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Spinning Gold

Spinning Gold
The 2023 film Spinning Gold is an overlong and overblown biopic allegedly providing the viewer a look into the life of Neil Bogart, the co-founder of Casablanca Records, who took credit for the success of some of music's biggest stars, including the rock group KISS and the disco queen Donna Summer.

This film introduces Bogart as a slick show business hustler who went through several occupations and name changes before finally finding his calling at Casablanca Records, where his handling KISS, Summer, George Clinton, the Isley Brothers, and other artists falters due to his true lack of experience in the business and his blaming his mistakes on everyone he works for, refusing to be accountable for anything that happens, including driving the label $6,000,000 into the red.

Incredibly, this film was written and directed by Bogart's son, Timothy Scott Bogart, who doesn't paint his father in a favorable light at all. This might have been due to the logistics of bringing this story to the screen, that were probably pretty complicated considering that a lot of the artists are still with us, probably causing Timothy to make a lot of concessions to get the film made that really take away from the authenticity of what we see here. None of the actors playing any of the artists even begin to resemble the people they are portraying and no original recordings were used for the musical segments centered on said artists, making what we're being told here a little hard to believe.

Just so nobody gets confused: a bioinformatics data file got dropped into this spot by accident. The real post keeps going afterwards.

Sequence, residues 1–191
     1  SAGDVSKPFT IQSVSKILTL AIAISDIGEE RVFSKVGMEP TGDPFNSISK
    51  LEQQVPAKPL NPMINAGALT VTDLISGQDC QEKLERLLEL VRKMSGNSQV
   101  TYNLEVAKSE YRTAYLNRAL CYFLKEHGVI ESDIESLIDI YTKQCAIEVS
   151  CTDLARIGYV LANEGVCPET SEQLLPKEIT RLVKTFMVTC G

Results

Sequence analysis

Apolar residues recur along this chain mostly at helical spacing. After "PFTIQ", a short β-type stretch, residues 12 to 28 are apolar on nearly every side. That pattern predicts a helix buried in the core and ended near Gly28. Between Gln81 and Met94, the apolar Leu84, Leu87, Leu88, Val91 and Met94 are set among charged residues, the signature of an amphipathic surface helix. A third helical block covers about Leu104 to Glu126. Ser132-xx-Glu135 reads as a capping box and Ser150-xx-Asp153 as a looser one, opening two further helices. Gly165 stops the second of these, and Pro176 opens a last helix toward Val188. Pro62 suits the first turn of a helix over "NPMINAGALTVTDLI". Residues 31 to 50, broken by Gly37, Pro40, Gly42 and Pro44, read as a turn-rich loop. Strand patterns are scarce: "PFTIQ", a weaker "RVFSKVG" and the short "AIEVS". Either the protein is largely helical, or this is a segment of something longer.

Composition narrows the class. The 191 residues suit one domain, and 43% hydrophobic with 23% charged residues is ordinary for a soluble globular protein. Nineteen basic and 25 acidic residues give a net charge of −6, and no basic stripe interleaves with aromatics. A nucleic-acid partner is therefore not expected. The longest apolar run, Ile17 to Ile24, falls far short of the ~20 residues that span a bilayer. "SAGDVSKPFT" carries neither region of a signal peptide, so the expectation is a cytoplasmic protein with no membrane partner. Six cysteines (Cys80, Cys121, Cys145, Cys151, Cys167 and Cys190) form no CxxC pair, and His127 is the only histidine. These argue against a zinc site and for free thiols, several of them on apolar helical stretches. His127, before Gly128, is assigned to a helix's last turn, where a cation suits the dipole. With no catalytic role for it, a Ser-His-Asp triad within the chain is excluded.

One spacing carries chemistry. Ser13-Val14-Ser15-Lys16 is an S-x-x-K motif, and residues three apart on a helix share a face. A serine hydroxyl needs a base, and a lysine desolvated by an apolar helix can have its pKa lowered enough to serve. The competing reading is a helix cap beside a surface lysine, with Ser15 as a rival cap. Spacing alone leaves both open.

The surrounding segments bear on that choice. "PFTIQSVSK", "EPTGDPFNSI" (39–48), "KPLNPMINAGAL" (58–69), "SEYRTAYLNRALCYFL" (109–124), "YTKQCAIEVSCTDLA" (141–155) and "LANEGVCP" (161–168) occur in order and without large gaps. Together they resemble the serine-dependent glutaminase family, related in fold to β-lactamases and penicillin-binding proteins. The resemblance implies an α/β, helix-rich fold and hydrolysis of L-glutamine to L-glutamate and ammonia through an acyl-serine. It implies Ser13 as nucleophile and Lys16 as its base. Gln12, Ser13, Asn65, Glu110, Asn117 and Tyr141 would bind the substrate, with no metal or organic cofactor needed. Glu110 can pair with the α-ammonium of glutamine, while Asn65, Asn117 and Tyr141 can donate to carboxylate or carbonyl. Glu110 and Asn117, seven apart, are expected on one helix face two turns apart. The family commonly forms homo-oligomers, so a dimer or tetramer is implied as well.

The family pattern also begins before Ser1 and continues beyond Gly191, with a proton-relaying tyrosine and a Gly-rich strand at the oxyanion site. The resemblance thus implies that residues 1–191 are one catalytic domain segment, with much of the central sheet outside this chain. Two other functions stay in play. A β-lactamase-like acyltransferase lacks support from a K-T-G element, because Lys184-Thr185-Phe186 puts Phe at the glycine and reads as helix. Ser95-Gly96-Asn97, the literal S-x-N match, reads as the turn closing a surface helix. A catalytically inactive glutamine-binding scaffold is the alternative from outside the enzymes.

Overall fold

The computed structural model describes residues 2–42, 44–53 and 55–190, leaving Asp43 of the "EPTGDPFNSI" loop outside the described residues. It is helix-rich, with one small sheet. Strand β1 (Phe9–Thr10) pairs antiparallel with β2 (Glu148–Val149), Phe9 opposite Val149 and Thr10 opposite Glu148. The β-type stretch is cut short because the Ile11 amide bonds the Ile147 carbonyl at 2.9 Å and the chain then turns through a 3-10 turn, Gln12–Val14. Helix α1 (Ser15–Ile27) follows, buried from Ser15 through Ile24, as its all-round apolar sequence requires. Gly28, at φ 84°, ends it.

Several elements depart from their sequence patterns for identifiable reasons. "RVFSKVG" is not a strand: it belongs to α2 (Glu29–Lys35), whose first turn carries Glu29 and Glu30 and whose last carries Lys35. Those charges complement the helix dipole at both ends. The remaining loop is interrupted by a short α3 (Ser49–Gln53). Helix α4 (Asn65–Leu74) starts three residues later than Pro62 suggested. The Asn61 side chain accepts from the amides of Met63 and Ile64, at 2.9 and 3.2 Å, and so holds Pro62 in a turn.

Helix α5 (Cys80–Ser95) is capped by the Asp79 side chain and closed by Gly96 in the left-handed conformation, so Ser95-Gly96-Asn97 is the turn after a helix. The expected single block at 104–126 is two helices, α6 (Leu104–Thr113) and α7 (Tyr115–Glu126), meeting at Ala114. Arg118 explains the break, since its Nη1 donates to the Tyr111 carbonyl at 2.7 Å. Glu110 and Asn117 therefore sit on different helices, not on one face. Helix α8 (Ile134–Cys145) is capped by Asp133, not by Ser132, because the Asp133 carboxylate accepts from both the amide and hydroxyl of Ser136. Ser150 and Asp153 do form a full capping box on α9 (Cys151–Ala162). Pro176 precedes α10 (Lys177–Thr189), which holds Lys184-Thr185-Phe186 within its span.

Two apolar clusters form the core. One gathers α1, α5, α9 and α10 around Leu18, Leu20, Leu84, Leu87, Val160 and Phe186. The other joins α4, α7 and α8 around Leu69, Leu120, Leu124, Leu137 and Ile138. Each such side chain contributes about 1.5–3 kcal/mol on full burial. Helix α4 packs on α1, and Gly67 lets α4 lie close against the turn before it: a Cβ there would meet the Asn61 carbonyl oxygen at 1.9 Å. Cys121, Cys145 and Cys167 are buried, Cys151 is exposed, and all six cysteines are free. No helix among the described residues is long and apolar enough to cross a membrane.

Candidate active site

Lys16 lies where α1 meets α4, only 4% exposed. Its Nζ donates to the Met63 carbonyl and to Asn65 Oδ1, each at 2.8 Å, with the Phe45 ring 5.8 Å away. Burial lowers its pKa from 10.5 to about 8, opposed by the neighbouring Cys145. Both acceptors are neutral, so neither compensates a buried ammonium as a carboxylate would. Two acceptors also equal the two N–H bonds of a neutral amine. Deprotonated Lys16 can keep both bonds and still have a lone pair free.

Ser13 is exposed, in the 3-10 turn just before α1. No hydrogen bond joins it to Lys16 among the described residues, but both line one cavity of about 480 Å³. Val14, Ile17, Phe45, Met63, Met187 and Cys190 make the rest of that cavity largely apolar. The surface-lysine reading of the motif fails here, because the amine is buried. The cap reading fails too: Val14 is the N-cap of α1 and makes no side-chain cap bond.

It doesn't help that Bogart's screenplay follows the typical biopic route that we've seen in a million other movies, featuring every show business cliche we've ever seen. The initial romance where he tells the woman he loves of his big dreams, the rocket-speed trip to financial success and living to the excess, turning to the mob for financial assistance, infidelity and drugs also make their expected appearances in the story. The story also insists that Bogart is responsible for most of the artists biggest hits. The scene depicting Neil helping Donna Summer create her controversial 1976 hit "Love to Love You Baby" bordered on laughable. Ditto Bogart's narration, a lot of it done directly to the camera.

Bogart was clearly afforded a huge budget to bring this story to the screen, but it doesn't appear to have been evenly spread out. The hedonistic 1970's are recreated realistically, though some production values were definitely lacking here, sound in particular...there are several scenes, mostly the ones between Bogart and his wife, Beth, where it was impossible to hear exactly what the characters were saying. It was so bad that I actually had turn on the closed captioning to catch a lot of dialogue.

The performances are a matter of taste. Jeremy Jordan's performance as Bogart was a little overripe for my tastes. Michelle Monaghan tries to make her thankless role of Beth worth investing in. There is strong work from Lyndsey Fonseca as KISS' manager who has an affair with Bogart and Jay Pharoah and Dan Fogler as other Casablanca employees, but this film is an overlong and sometimes dull film experience that didn't endear me to the subject at all.